(Submitted by ISCM – GERMAN SECTION)
Sarah Nemtsov was born in 1980 in Oldenburg and studied composition in Hanover and Berlin with Nigel Osborne, Johannes Schöllhorn and Walter Zimmermann. She has received numerous awards and scholarships, including the Busoni Composition Prize of the Berlin Academy of the Arts, the Deutsche Musikautorenpreis of the GEMA and won the international RicordiLAB composition competition. She collaborates with renowned ensembles and orchestras (HR Symphony Orchestra, Deutsches Sinfonieorchester, ensemble modern, ensemble mosaik, Ensemble Adapter, Neue Vocalsolisten Stuttgart, ensemble recherche, Klangforum Wien, Ensemble Musikfabrik, Basel Sinfonietta etc.) and her works are performed at internationally renowned festivals – such as the Donaueschinger Musiktage, Darmstadt Summer Course, Wien modern, ECLAT, Ultraschall, Holland Festival, Musica, Bregenz Festival, Munich Biennale and many more. Nemtsov’s music captivates through sensitively sounded setups, through complex and energetic textures, musical stratifications, interactions between acoustic instruments and electronics, as well as references to other arts and other media. In the summer semester of 2014, Sarah Nemtsov taught composition at Hochschule für Musik und Tanz Cologne, in 2018 she taught composition at Haifa University as a DAAD guest lecturer. In 2021 she will be tutor for composition at Darmstadt Summer Course. In 2020, she was nominated for the Opus Klassik Prize in the category “Composer of the Year”. Her catalogue includes more than 100 compositions in almost all genres. Several of her works are published by Ricordi. DIE ZEIT wrote about her opera SACRIFICE (premiered 2017 at the Opera House Halle): “Sound becomes space becomes time becomes reality”. Her new opera – OPHELIA (2020-2021) with a libretto by Mirko Bonné – will be premiered in 2023 at Saarländisches Staatstheater.
About her 2018 composition Seven Colours for amplified ensemble, Sarah Nemtsov writes:
Seven Colours was the first piece I composed after my mother died. My mother – Elisabeth Naomi Reuter – was a painter.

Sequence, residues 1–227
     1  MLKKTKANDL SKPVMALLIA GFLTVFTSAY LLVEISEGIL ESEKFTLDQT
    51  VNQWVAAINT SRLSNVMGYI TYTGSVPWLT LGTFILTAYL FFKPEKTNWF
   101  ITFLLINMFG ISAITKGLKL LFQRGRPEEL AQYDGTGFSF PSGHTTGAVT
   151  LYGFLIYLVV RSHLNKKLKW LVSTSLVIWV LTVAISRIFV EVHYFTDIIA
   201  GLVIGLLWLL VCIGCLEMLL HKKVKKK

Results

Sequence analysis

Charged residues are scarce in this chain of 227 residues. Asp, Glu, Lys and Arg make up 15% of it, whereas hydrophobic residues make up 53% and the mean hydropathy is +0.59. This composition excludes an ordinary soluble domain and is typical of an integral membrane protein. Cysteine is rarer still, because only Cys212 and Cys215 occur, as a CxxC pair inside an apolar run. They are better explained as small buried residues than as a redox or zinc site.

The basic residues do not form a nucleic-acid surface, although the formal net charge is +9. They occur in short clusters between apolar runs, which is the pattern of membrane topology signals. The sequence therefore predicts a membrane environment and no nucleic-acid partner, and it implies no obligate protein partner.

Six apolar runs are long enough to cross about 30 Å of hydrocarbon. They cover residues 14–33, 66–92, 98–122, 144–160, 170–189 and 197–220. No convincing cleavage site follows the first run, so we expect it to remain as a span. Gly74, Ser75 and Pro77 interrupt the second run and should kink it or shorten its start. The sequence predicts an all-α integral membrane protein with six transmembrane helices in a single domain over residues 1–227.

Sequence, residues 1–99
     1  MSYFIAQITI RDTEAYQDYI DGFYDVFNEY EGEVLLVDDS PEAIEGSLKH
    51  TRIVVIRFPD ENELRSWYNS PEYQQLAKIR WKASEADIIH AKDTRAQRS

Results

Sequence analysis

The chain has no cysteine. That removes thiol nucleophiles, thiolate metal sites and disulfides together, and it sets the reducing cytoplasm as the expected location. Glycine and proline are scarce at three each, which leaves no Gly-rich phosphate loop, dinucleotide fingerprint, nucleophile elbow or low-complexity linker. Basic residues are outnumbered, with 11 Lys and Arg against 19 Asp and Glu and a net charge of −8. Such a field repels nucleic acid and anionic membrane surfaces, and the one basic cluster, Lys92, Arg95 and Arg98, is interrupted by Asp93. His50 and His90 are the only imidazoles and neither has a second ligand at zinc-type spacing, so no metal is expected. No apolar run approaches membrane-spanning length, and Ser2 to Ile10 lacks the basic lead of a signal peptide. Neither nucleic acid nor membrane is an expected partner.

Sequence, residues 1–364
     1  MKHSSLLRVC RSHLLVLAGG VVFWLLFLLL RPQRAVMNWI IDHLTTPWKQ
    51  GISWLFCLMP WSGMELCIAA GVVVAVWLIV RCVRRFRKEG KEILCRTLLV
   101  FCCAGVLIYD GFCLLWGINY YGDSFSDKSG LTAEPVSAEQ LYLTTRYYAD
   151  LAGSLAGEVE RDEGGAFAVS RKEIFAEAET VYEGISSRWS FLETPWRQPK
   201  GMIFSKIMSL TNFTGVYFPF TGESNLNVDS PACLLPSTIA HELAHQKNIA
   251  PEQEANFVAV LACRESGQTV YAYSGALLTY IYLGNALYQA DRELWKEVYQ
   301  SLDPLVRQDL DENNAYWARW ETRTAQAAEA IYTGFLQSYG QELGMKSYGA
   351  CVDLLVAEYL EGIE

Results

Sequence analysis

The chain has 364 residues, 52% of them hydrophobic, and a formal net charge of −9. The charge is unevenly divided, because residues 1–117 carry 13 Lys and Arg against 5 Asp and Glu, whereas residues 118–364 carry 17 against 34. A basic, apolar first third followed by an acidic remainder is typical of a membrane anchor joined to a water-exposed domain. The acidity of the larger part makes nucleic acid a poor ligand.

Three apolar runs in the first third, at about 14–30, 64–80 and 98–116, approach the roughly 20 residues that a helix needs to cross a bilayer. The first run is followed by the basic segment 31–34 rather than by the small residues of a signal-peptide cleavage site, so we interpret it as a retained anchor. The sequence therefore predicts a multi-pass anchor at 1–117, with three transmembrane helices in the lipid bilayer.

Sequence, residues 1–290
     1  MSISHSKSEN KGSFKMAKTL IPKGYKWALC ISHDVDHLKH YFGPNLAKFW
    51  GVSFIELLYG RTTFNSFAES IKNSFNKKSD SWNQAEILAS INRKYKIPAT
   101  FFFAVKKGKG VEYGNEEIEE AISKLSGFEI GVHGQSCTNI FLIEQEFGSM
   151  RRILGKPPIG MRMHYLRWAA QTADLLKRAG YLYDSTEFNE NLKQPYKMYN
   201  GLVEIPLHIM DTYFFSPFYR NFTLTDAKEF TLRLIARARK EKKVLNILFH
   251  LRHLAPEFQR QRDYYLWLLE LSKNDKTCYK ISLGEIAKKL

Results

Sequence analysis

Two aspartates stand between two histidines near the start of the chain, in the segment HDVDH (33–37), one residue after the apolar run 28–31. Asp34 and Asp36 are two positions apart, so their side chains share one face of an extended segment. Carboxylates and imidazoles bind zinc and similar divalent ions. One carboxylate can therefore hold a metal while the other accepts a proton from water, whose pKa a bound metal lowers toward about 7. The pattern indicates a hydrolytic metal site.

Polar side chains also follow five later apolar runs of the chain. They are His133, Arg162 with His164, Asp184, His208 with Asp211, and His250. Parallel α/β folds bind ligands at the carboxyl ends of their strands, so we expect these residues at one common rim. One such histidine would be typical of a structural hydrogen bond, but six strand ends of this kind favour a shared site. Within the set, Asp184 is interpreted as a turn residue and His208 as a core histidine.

I composed five movements – all are connected (attacca: so it’s one piece) – as a musical approach to colours that were important to my mother and had a special meaning. However, since I am not synesthetic it is a subjective and associative approach.
I umber, burnt sienna
II raw sienna, ochre
IV carbon black
V caput mortuum
My mother liked cloudy, raw, “broken” colours and had developed certain techniques in her drawings by placing hatchings against each other, very fine and let colours with other colours “break” (as she called it), layers upon layers to add depth. Often at the end she went over the whole sheet of paper with a hard pencil and imperceptibly put a veil over it, often also on watercolors. In her oil paintings she worked with subtle glazes. In the last years of her life and creativity, she worked intensely, creating more than 100 paintings and drawings, focussing on the human being (whereas in her early work one would hardly find people, but many insects and bugs).
After 2014, she used oilsticks and chalks in her oil paintings to create outlines and contrasts and her paintings appeared (intentionally) more “incomplete”, open. She died of cancer in November 2017. She was and is a great inspiration for me as an artist, woman, mother, person. Seven Colours is a very personal work (at the same time very strictly conceived and structured!). While I was composing, I had to dismantle my mother’s apartment and studio at the same time. Colours in hands. Pictures, even unfinished. I found a piece of paper on which she had noted: Three things overcome death: courage, memory, love.